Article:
B) These paths now define zones, allowing us to put grass on the southern side where it likes to be and filling in the remaining areas with other natural amenities – in this case I’ve used the diverse landscapes of California to inspire the different zones (Mountains, Forest, Valley, Delta, and Beach). And it’s all tied together with an arroyo that follows the naturally sloping topography.

I would recommend looking at successful precedent projects, such as the Caltech Childcare Center (link 2) – a great example of balancing grass and other natural materials in an arid, drought conscious climate.

*What if the play yard could be more than a sterile blank slate, what if it could be a learning yard?!

1st -5th Corridor Courtyards-

I heard 2 reasons for turf in these areas: 1) Flexible use space for “outdoor classrooms”, and 2) Maintenance difficulty. It sounds like maintenance concerns can be solved by better design (updated irrigation, drainage) and planning (mowing before or after school or on weekends).

Regarding the flexible classroom space, I would like to hear what other ideas were considered before turf. For example, we could provide movable benches outside, or even small mats the kids could sit on and then put away after. We may still need some of those with turf anyway.

*This looks like a missed opportunity for “Project Based Learning”, getting the students involved in creating their own solutions.

At first look, the proposed Verde design isn’t too bad – it has a variety of landscape materials and spaces – so, a simple fix would be to swap all turf out for grass (or even some of it).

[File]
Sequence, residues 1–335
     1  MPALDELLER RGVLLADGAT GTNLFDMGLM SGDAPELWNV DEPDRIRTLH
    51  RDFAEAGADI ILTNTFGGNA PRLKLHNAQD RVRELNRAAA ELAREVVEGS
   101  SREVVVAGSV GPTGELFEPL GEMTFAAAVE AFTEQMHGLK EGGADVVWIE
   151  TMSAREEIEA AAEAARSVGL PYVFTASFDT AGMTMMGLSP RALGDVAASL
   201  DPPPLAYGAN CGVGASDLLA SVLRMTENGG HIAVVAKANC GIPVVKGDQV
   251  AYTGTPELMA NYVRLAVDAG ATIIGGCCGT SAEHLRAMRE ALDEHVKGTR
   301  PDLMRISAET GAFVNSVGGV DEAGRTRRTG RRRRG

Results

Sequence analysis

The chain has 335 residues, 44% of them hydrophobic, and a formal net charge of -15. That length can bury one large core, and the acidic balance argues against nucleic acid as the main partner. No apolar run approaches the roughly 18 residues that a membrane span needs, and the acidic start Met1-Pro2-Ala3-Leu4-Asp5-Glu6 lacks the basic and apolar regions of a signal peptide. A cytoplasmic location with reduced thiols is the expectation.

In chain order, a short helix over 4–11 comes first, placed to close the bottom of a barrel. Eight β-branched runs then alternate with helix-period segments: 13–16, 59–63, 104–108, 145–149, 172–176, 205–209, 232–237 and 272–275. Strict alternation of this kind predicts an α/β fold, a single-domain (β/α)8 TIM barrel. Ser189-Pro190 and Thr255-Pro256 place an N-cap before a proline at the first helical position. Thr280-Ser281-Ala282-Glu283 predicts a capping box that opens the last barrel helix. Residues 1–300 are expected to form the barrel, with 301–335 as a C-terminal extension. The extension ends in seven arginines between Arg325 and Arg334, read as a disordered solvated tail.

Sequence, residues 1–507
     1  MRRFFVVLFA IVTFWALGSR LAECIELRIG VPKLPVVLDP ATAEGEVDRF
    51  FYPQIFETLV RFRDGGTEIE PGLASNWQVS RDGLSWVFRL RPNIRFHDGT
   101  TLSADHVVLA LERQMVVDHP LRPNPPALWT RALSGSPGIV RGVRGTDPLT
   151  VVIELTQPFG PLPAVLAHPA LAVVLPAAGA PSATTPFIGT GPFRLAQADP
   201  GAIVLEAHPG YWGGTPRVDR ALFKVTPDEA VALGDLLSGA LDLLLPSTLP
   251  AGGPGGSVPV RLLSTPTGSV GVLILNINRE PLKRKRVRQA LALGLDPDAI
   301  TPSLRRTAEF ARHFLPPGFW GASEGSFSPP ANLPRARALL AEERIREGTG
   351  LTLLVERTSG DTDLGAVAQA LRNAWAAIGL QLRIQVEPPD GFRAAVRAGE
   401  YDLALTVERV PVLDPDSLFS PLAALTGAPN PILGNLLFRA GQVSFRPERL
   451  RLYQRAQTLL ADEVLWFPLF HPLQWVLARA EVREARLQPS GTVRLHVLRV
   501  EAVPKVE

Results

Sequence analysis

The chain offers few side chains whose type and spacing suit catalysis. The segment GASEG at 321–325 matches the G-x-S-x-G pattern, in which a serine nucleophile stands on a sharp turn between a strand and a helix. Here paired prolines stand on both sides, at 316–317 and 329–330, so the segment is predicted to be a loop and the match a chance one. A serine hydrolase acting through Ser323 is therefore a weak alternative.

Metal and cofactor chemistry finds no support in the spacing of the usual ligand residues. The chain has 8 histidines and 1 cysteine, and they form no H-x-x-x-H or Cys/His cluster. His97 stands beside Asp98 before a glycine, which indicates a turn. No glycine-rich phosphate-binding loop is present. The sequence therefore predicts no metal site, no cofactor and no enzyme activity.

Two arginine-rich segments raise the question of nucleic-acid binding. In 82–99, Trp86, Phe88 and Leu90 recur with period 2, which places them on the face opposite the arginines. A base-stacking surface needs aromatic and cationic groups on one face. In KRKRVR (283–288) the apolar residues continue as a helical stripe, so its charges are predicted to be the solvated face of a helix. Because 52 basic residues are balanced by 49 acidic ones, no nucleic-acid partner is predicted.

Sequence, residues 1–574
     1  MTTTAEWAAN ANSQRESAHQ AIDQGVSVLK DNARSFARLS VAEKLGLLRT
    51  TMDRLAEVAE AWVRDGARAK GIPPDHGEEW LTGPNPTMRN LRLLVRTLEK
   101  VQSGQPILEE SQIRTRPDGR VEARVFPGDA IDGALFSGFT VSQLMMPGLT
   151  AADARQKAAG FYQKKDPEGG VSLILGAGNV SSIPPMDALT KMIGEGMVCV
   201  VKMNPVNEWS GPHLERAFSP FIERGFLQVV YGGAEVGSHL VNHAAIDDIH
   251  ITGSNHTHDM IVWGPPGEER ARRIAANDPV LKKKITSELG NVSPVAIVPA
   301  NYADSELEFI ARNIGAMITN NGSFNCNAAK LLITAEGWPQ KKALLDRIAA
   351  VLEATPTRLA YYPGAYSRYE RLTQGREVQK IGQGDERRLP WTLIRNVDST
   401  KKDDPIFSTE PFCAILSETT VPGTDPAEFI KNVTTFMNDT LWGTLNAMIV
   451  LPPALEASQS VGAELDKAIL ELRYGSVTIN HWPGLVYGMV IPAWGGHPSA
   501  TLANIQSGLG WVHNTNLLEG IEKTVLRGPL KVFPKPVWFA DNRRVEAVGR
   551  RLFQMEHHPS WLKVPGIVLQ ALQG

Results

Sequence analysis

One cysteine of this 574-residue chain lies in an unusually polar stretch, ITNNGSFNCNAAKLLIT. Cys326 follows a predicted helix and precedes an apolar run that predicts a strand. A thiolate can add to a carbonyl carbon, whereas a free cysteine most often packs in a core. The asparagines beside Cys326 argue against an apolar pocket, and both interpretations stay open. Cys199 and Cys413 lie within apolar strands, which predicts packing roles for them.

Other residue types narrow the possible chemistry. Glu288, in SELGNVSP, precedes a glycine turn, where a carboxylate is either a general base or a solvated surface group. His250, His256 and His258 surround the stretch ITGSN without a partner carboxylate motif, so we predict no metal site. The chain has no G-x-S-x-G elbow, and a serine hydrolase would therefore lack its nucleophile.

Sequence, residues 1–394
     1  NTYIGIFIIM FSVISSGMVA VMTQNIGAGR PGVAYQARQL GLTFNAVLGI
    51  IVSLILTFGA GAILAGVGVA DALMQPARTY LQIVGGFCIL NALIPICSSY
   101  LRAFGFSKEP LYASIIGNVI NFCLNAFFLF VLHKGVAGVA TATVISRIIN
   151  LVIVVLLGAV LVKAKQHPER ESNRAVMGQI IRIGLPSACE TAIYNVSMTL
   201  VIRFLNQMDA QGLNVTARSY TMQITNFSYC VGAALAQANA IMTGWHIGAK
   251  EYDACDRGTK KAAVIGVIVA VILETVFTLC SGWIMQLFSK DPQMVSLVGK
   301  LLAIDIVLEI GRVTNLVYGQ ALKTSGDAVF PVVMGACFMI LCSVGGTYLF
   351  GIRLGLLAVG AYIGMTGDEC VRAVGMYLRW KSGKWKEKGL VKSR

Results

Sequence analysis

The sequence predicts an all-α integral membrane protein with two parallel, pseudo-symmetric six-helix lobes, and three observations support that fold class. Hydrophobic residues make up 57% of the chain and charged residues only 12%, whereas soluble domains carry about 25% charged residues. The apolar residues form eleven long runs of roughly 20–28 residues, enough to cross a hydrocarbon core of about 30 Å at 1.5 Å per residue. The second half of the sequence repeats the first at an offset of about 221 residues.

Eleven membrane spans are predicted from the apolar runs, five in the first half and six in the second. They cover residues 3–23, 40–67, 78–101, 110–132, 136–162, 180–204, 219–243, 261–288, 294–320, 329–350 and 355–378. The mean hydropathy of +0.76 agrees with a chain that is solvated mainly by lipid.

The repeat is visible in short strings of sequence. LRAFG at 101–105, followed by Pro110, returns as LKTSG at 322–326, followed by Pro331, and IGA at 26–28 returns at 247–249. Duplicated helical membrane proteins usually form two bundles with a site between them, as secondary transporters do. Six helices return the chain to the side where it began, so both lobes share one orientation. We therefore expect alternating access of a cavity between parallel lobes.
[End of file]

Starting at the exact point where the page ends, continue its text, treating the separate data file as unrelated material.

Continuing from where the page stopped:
Analyzing the design further, there are opportunities for improvement. For example, as the son of an elementary school teacher, I know that an outdoor classroom should have a variety of spaces, but the current design only creates socialfugal connections. The benches around trees and seat walls along planted edges all position the students to face away from each other. Curved seat walls with open interiors would create more sociopetalcommunal learning areas – perhaps these could be at the edges of the grass to prevent wear from shortcuts. I’ve quickly sketched some examples ideas.


I understand the work the district has done has carefully balanced input from maintenance staff and teachers. Those are undoubtably essential stakeholders. However, I can’t help but feel as though the proposed changes do not adequately reflect the full input of the most important group – the students and parents. Our voices and tax dollars shape our community. Los Gatos is such a special blend of nature and urban environments. Daves Avenue campus is a perfect example of this in microcosm. I fear that the proposed changes will remove this connection with nature. Or worse, teach our kids that “gosh, nature is difficult and dirty, we should just carpet over it.”


Thank you for reading this. And for your thoughtful consideration. As you can see, this issue is important to me and my family.

I am happy to volunteer my time to discuss this topic further.


All the best,



Noel Shamble, AIA, NCARB, EIT